It’s 2020 and punk-pioneer and legend Billy Idol is still captivating us with his whiplash smile and semi-charmed life. From the time he first played in the London club scene in Chelsea as a guitarist, and later as the front-man for punk rock rebels, Generation X, he took no prisoners. With that infectious attitude of his, he graced the stage as their muse from the late 70’s until they split up in 1981. Although, he left in tow with a re-mix of the Gen X single, Dancing With Myself.
His plan was simple, Idol wanted to break through with his music in America. He immediately formed a crucial relationship with the incredibly talented guitar genius, Steve Stevens. The soon-to-be guitar legend became a very important part of the Idol sound with his own signature style, which included dominant aggressive slashing, atmospheric guitar pyrotechnics.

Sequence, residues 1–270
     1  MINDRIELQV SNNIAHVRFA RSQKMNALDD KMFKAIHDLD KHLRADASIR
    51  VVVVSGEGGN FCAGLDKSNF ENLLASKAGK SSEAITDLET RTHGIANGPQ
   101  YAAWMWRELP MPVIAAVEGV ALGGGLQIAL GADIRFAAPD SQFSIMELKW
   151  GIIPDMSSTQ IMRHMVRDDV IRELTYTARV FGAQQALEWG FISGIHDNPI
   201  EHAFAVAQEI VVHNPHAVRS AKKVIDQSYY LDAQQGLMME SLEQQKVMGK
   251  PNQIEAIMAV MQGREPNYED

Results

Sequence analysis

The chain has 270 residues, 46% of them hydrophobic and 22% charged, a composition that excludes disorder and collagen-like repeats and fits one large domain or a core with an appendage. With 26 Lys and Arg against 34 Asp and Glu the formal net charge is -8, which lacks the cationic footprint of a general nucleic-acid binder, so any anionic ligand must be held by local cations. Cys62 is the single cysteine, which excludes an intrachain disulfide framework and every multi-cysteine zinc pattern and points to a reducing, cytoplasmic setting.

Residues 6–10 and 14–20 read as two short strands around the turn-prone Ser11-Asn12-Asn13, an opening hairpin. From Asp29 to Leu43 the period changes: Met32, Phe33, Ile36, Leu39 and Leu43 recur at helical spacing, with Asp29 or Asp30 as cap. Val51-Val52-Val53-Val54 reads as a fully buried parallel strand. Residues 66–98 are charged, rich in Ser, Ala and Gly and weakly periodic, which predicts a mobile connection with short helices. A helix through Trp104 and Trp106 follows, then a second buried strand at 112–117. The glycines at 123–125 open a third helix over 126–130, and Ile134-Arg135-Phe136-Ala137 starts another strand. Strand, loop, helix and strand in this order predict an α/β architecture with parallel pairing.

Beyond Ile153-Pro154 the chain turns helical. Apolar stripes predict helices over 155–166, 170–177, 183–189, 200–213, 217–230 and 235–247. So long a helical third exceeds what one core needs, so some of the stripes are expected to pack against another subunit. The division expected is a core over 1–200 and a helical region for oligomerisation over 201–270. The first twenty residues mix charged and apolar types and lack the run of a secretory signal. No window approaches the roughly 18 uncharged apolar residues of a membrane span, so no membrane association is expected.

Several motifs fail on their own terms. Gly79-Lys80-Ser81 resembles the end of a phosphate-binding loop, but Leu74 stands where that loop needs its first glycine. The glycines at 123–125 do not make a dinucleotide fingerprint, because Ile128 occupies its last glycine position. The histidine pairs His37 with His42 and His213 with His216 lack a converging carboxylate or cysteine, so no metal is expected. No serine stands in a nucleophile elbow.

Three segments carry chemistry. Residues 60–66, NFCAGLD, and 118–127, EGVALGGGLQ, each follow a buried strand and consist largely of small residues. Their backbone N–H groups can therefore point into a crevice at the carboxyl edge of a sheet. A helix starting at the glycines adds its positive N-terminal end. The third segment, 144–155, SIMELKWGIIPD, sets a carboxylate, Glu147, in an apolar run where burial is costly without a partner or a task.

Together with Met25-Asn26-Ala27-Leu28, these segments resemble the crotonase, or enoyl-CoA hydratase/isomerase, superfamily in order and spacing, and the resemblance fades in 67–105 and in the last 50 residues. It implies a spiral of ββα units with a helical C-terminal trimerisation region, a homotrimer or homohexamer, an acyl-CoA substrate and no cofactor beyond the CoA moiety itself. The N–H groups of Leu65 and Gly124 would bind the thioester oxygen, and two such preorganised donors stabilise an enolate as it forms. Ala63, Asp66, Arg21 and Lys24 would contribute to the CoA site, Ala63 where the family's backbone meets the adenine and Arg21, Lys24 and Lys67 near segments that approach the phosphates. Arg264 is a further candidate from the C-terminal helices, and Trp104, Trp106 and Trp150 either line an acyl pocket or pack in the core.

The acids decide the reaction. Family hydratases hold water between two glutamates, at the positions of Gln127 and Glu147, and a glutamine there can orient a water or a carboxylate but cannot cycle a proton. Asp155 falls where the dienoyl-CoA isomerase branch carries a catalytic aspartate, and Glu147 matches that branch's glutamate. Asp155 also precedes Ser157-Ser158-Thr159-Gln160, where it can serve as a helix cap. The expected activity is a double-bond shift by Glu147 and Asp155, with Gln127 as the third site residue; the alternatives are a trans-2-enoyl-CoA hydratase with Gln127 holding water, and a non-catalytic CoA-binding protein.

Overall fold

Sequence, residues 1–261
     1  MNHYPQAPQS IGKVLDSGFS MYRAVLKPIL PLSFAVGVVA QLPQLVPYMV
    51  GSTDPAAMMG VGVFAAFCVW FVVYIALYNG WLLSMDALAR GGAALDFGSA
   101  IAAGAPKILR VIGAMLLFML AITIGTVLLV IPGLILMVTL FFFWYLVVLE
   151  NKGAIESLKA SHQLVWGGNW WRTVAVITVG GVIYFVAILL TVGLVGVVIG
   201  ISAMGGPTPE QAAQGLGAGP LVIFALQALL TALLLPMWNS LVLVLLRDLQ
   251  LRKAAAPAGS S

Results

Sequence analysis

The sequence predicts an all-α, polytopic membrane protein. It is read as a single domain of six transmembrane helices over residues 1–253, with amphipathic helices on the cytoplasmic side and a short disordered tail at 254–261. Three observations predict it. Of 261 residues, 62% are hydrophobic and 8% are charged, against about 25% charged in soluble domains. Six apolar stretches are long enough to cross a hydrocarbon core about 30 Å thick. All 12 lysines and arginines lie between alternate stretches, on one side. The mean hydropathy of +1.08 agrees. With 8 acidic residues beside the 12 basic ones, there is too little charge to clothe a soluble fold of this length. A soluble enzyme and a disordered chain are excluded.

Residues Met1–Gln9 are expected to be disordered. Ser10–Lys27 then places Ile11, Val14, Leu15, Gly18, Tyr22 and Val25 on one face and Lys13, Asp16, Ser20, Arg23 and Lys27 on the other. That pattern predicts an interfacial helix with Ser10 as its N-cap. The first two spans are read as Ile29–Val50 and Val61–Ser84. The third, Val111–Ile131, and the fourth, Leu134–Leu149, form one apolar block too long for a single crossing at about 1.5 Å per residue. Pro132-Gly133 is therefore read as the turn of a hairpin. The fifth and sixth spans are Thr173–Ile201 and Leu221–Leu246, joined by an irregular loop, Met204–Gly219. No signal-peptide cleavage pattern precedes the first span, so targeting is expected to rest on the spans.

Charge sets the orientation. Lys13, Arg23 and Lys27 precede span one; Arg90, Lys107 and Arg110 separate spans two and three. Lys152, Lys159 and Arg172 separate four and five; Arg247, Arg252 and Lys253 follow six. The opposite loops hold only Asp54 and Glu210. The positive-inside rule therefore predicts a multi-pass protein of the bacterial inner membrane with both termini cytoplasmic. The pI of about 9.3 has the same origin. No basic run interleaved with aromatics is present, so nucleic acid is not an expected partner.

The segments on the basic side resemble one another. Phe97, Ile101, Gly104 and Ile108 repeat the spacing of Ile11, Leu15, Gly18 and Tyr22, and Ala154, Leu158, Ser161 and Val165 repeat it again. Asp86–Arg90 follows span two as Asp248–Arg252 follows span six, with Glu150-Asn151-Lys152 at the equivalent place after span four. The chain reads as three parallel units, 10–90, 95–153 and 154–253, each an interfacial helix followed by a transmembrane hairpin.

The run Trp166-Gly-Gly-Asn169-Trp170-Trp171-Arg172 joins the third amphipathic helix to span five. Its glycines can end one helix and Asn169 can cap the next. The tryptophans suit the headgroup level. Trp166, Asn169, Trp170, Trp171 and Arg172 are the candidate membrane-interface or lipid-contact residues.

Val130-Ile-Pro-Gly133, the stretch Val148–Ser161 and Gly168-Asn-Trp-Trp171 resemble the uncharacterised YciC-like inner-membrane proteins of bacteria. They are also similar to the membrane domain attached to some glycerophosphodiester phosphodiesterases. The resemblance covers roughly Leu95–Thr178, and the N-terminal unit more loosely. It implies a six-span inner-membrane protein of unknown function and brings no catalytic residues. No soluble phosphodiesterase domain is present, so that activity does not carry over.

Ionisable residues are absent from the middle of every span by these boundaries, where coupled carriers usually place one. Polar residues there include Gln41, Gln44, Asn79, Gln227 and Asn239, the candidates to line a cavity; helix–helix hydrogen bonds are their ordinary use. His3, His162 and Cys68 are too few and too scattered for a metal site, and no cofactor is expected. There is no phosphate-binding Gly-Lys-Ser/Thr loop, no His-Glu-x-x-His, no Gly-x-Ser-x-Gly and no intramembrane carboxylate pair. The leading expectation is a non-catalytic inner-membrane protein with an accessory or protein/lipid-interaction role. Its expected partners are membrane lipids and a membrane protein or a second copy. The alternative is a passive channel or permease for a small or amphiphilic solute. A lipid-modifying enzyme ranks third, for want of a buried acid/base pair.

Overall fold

From the moment the two went to work, the duo had a phenomenally successful music career. They became global superstars due in huge part to the advent of MTV and VH-1. More MTV in those early days. It was those early music videos that catapulted him into the mainstream creating “pop-punk” as a genre. That forever cementing him into the mind’s of the American collective consciousness.
The peroxide blonde spiky-haired artist brought his unique style, swagger, honest, in-your-face attitude and intelligence to the music masses. he delivered his message through the airwaves with the help of MTV rotation play. Video literally made this radio star a monster with his ground-breaking, colorful and wildly imaginative way-over-the-top videos.
Back in the day, it didn’t matter where you called home… everyone knew who Billy Idol was. His lip-curling sneer and fist-pumping persona became his trademark with an undeniable nonchalant sex appeal he exuded with his natural charisma. Throughout his career, Idol sold out shows wherever he’s performed (to multi-generational fans).